Updated: Apr 11
With contagious COVID19 rapidly spreading throughout the world, many people are shopping for surgical masks to protect against this dangerous disease. But what if you can’t find any face masks at the shops?
On April 3, the CDC in the US updated its guidance on the matter recommends people use fabric coverings, not surgical masks or specialized N95 masks, which should be reserved for health care providers.
Wearing a face mask in public areas may impede the spread of an infectious disease by preventing both the inhalation of infectious droplets and their subsequent exhalation and dissemination. In the event of a pandemic involving an airborne-transmissible agent, the general public will have limited access to the type of high- level respiratory protection is worn by health care workers, such as N95 respirators.
If you are making your own covering, new research finds that some fabrics are better than others at filtering out viral particles.
So why should you make your own face masks?
1) In the event you become sick, having a supply of masks at home will give some level of protection to friends and family while you seek medical advice. It will certainly be better than no mask at all (see research notes).
2) By making your own, and hopefully, for family and friends, you will be decreasing demand on limited supplies of industrially manufactured, disposables, which are desperately needed by hospitals and nursing homes
Fortunately, you can make medical masks if you have basic sewing skills. However, keep in mind that manufactured masks are much more effective than homemade masks, so fabric masks should only be used if no medical-grade masks are available.
DIY facial covering tips
Opt for masks that tie around the ear, rather than ones that have a standard elastic band. The ties can be adjusted to fit each face better than the elastic band.
Make sure to use dry masks. When masks get wet, even from the moisture emitted when a person exhales, the fabric could be more likely to transmit the virus.
Wash masks regularly, with regular detergent and in regular washing machine cycles.
Avoid “bleach or other harsher chemicals until we know the effect on the fabric’s effectiveness.”
How to Sew the Fabric Mask
1. Choosing the Right Fabric
Pick a heavyweight, tight-woven fabric for both layers of the mask.
Use a preshrunk 100% cotton T-shirt as an easy option.
Cut up a pillowcase if you don’t have a T-shirt.
Pair different colours or patterns so it’s easy to identify the front.
2. Cutting Your Fabric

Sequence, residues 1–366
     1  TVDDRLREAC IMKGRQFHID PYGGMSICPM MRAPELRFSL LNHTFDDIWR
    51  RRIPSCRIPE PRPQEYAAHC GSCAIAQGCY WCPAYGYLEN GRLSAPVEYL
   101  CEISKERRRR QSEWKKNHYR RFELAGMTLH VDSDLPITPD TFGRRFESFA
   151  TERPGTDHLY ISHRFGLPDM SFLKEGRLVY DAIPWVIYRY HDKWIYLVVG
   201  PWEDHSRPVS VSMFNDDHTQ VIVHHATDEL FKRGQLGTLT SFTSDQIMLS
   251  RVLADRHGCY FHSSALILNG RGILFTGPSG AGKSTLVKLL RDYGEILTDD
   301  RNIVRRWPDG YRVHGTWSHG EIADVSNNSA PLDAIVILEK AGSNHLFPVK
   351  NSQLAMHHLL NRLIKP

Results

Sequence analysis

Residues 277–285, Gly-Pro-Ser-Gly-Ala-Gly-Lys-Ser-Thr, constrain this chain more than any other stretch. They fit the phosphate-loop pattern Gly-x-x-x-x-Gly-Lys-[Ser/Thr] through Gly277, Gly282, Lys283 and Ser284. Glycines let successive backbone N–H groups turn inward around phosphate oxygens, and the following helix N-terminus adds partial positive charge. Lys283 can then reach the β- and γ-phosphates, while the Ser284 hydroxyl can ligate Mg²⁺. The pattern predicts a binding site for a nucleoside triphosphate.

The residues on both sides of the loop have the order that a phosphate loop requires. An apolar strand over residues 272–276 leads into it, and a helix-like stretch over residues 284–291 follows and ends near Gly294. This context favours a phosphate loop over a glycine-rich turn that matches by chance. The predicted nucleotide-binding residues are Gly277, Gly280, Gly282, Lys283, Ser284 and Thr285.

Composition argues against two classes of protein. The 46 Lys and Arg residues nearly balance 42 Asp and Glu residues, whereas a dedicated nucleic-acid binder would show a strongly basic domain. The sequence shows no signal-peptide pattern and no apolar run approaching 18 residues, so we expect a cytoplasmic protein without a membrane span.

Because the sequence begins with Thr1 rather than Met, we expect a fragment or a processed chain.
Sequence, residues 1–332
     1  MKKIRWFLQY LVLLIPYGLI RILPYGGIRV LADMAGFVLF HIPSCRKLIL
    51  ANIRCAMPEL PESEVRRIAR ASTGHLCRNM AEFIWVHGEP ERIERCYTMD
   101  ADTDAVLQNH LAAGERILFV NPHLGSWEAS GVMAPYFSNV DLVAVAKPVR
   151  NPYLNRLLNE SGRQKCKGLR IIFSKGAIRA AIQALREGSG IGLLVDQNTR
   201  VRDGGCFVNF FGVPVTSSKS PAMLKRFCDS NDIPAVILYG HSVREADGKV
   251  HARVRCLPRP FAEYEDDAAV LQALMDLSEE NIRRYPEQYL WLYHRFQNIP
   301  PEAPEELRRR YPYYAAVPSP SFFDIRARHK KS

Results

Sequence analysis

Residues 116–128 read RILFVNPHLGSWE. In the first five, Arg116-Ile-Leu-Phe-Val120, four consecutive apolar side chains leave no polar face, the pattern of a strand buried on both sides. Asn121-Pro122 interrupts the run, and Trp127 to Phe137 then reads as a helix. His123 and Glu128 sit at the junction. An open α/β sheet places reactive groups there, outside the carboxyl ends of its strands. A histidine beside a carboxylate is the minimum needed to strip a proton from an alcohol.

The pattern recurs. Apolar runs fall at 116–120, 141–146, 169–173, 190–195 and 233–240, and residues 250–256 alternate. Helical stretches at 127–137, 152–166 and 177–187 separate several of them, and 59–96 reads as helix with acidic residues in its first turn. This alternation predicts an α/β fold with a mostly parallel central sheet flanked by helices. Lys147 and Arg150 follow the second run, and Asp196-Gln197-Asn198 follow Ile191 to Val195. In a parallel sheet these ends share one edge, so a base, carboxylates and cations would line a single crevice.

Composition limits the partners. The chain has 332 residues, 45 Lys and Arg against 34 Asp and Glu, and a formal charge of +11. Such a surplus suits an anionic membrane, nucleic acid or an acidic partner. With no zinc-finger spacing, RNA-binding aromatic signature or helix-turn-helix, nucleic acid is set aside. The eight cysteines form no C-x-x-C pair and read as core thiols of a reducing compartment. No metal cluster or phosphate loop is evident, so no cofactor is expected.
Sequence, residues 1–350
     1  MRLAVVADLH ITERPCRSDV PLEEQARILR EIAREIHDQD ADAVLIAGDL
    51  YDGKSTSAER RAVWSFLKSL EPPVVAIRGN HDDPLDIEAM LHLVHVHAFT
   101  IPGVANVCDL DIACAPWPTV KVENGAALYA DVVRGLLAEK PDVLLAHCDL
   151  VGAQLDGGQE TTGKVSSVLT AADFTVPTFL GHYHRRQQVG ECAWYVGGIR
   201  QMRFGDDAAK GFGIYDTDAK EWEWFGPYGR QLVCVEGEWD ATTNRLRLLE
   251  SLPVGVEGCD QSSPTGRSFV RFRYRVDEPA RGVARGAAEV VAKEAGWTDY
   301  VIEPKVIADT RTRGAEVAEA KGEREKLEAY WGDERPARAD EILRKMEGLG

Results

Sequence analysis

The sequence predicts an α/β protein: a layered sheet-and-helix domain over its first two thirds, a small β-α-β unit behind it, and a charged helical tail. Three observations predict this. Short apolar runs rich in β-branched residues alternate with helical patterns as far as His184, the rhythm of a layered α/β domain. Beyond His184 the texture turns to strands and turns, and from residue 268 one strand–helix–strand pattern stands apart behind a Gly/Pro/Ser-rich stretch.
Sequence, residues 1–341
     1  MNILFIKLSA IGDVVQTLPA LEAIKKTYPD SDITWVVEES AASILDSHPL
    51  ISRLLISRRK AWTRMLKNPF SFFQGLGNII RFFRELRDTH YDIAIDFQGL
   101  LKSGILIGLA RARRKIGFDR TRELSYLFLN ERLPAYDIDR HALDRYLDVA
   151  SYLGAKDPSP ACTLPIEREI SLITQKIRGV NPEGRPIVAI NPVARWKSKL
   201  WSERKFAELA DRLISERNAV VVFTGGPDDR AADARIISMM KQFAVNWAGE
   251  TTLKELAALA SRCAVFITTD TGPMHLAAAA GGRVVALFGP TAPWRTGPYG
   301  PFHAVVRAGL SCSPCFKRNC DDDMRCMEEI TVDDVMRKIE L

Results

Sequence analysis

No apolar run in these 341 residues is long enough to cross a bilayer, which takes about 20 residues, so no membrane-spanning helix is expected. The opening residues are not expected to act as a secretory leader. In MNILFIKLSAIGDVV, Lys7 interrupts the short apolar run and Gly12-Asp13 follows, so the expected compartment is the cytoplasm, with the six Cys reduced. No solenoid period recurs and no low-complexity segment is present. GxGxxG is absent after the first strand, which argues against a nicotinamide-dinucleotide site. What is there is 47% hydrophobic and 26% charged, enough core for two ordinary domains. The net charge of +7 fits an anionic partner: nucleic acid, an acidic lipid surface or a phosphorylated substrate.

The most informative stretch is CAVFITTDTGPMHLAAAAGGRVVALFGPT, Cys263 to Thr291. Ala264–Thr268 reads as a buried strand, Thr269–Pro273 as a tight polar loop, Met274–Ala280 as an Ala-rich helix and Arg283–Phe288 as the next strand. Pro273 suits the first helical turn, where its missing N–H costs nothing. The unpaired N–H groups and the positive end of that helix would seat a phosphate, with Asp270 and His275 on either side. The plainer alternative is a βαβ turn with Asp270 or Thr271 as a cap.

Make sure your hands and surfaces are clean.
Print and cut out the face mask pattern.
Fold both pieces of fabric in half with the “good” sides facing in.
Trace the pattern onto the backside of your outer fabric piece.
Cut out the outer pieces with an extra 1.5 in (3.8 cm) side margin.
Trace the pattern onto the backside of your liner fabric.
Cut out the liner pieces using fabric scissors (or sharp scissors)
3. Making the Body of the Mask
Put the liner pieces together with the smooth side facing inward
Sew along the traced seam on the nose edge of the liner fabric.
Line up the outer pieces with the pattern facing the inside.
Sew the outer pieces together along the traced nose seam.
Iron the outside seams on each fabric piece so they lay flat.
Line up the outside seams on both pieces and pin them in place.
Sew along the traced line on the top and bottom of the mask.
4. Inserting the Nose Ridge
Turn the mask right-side out and iron the seams flat.
Insert a 5.5 to 6 in (14 to 15 cm) floral wire into the top of the face mask.
Do a top stitch along the top side and bottom side for reinforcement.
5. Sewing the Sides and Inserting the Filter
Make a .25 in (0.64 cm) fold on the sides of the outer layer.
Sew the edge of the side loop down into the outer layer of fabric
Fold the frayed edges of the liner inside and stitch seams on each side
Push 1 end of the elastic through the channel on the side.
Wash the mask in laundry detergent and hot water before you use it.
Insert an air filter into the side of the mask for added protection.
Not a Substitute for social distancing
If you decide to use homemade face coverings, masks should be used only as an “additive” to social distancing, not a substitute. People often feel “an artificial sense of protection because they are behind a mask. Don’t get a false sense of security.
We continue to encourage hand-washing and social distancing by leaving at least 6 ft. of space between yourself and others when you are outside of your room or apartment. This includes walking around outside, eating at a dining hall, or visiting the library. Here are some other ways to stay healthy. Finally, please continue to keep our Principles of Community in mind. Don’t forget to practice grace, empathy, and compassion towards yourself and others. We will get through this moment in time together.